Welcome to the third and final installment of my series on how I gained 5,000 Twitter followers in six months. This is the fun part—where you really get to see those numbers climb. I’ve been adding about 1,000 followers per month with this method, the vast majority of them fellow writers. Once again, I’m writing with other authors in mind, but the basic methods should carry over to any profession or interest.
Step 3—Time to Fly
Naturally, the best way to attract followers is by being so fabulous that people flock to your profile, dying to see what tidbit of brilliance you’ll post next. If you can pull that off, I tip my hat to you. But the rest of us can still gather thousands of followers without resorting to the empty numbers of #teamfollowback and its ilk. For us, the name of the game is reciprocity.
The basic approach here is simple—follow people, and most of them will follow you back. Easy, right? I’ll give you a little more to go on than that, however, addressing questions such as whom to follow, where to find them, how many people to follow at a time and how to keep your ratio of Following to Followers in balance.
Choosing People to Follow
The first thing many people do when they join Twitter is to follow their favorite celebrities. Writers might follow best-selling authors, agents and publishers. By all means, go for it—you can learn a lot this way. But don’t expect these people to follow you. Anyone who has far more Followers than Following is not likely to follow you back.
It’s not hard to find people who will, however. The Twitterverse is absolutely teeming with other authors and artists who want to build their online tribe just as badly as you do. Most of these people will follow you back, and you end up with a Followers list full of kindred spirits. You’ll probably even find a few new friends, readers and blog followers in the process. I know I have!
Where to Find Them
So where do you find these kindred spirits? Here are a few ideas:
Poach from your friends’ Followers lists. Go to a friend’s profile, click on Followers and scan through the list, clicking Follow for anyone who looks promising. This method works particularly well if your friend writes in the same genre you do.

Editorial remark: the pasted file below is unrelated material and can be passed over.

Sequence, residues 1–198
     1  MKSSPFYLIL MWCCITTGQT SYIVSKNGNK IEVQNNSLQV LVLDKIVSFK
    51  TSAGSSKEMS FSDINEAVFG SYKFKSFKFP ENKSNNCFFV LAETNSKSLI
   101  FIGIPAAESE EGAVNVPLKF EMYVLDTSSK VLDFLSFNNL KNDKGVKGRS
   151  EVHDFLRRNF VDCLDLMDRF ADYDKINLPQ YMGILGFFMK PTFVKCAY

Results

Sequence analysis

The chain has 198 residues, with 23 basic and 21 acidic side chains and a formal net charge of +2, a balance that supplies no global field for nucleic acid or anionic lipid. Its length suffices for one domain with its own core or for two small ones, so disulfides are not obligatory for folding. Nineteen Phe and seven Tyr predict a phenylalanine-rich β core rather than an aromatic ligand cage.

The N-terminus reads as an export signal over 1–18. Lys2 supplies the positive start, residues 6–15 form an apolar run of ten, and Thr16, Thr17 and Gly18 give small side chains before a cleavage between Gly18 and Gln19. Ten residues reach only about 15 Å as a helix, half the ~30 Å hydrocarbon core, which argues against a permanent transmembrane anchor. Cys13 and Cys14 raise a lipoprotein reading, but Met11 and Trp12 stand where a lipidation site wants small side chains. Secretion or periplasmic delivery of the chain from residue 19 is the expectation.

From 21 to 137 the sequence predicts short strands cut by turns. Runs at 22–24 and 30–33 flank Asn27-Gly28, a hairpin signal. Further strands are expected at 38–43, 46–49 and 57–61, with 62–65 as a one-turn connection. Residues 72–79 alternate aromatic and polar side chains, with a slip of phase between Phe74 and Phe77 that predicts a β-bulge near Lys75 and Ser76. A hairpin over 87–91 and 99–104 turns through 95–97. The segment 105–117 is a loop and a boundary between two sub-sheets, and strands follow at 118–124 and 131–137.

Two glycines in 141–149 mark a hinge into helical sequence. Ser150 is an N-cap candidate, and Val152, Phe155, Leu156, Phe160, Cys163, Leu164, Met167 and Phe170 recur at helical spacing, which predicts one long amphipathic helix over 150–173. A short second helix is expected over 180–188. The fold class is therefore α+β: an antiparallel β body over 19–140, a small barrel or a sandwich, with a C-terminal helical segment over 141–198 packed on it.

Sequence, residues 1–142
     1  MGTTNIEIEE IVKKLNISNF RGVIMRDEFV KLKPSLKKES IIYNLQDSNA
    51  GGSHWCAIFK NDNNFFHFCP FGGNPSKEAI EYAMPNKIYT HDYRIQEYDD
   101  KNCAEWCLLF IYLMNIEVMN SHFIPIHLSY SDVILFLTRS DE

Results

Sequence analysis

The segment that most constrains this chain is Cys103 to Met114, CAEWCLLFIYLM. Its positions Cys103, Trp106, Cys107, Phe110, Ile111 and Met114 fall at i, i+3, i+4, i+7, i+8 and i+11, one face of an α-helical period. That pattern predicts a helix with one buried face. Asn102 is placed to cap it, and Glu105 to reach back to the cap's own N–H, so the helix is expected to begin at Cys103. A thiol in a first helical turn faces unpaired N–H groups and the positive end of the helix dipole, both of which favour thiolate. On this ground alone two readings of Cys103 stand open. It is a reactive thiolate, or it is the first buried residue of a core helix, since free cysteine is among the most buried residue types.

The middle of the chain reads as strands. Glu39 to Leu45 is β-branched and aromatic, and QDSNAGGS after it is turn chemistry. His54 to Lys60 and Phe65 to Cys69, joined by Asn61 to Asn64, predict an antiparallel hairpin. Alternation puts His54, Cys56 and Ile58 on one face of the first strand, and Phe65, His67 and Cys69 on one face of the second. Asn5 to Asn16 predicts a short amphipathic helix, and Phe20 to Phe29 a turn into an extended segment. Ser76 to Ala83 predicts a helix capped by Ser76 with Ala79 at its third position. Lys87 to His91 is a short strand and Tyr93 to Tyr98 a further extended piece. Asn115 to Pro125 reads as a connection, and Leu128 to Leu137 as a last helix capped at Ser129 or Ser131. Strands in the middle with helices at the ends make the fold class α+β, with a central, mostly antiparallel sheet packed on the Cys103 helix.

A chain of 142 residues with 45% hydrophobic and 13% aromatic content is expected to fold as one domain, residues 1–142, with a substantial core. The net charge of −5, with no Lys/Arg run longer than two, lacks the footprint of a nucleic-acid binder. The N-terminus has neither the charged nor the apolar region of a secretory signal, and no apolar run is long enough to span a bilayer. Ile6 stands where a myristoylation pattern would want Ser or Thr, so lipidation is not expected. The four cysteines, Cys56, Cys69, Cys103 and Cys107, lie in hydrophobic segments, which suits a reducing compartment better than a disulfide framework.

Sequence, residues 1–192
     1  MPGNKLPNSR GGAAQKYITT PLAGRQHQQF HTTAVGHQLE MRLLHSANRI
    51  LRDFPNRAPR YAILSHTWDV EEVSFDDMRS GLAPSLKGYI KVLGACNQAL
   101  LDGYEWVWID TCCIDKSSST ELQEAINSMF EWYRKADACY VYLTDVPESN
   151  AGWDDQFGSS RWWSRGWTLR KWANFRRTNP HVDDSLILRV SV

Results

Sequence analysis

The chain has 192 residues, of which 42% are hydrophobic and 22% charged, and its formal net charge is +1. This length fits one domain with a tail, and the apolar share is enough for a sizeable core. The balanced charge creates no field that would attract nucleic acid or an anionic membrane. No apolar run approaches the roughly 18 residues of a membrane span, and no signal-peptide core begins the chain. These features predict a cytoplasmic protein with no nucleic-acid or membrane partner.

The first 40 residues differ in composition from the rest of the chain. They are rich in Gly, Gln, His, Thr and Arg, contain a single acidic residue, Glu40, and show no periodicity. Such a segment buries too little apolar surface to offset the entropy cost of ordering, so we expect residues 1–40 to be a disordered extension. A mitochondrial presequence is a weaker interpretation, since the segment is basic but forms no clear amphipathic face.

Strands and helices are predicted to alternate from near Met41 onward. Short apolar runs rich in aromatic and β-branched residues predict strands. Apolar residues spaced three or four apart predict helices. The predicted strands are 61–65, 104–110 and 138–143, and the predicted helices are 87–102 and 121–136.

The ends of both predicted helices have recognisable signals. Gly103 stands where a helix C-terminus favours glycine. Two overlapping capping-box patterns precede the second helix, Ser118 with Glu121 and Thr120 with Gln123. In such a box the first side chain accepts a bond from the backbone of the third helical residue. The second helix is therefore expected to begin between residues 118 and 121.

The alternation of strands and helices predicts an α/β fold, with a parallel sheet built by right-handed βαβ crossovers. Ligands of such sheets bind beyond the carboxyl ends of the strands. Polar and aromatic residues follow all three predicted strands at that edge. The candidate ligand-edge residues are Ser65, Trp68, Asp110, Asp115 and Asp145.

Find other authors in your genre and go through their list. Many of my friends write romance or urban fantasy, and I wanted to connect with more middle grade fantasy authors. I scanned through the list of people who were following me, found a few in my genre and went to work. Soon, I’d connected with a whole community of middle grade authors.
Use hashtags. If you type hashtag terms in the Twitter search window, you’ll pull up all the recent posts using that hashtag. This is a great way to find others who share your particular interest. Since I’m writing a middle grade time travel story, I used #MG and #timetravel. Other good options are #author, #amwriting, #YA, #kidlit. Get creative and try different terms to see what turns up. And don’t forget to use these hashtags in your own tweets so that others can find you!
World Literary Café. You can add your link to a list of authors who want to build Twitter followers, Facebook likes and blog followers. This list is also an easy source of authors who are likely to follow you back. Go to the WLC website to sign up.
How many should I follow?
This really depends on how aggressive you want to be and how much time you have to devote. I typically follow 100-300 people at a time. Obviously, the more people you follow, the faster your following will grow. Be sure to allow time to interact with your new followers. You’ll get a flurry of welcome messages and retweets that deserve a response.
Remember to follow back!
The more your name gets out there, the more people will find and follow you. It’s only polite to follow them back. Plus, if you don’t, many of them will drop you, so if you want to keep that follower, follow them back.
You don’t need to follow everyone—I stay away from the ones that look like spam on principle—but you also don’t need to be too picky since you won’t be reading most of those tweets anyway (remember the lists we set up in Step 2?).
Don’t use TrueTwit.
If you want people to follow you, don’t create an extra step that will drive some of them away. So what if spammers follow you? Just don’t follow them back. Twitter isn’t the place for personal information you don’t want to share with the world, especially if you want to build a large following, so who cares who’s reading your tweets?
Unfollow Those Who Don’t Follow You Back
This is my final piece of advice, and it’s crucial. If you’ve followed people with interests similar to yours, most of them will follow you back, but certainly not all. If you’re actively following people as I have described, you’ll soon find you have hundreds more on your Following list than Followers. Not a good thing. In fact, Twitter won’t let you follow more than 2,000 people if your Following/Follower ratio is too far out of whack.
I like ManageFlitter for this purpose. It will show you a list of your followers who are not following you back, and you simply click the ones you want to unfollow. Quick and easy, and you’re allowed to unfollow up to one hundred people per day for free.
And there it is. The simple, common sense method I’ve used to gather 5,000 Twitter followers in six months. I hope you found some useful ideas. I’d love to hear your ideas and experiences!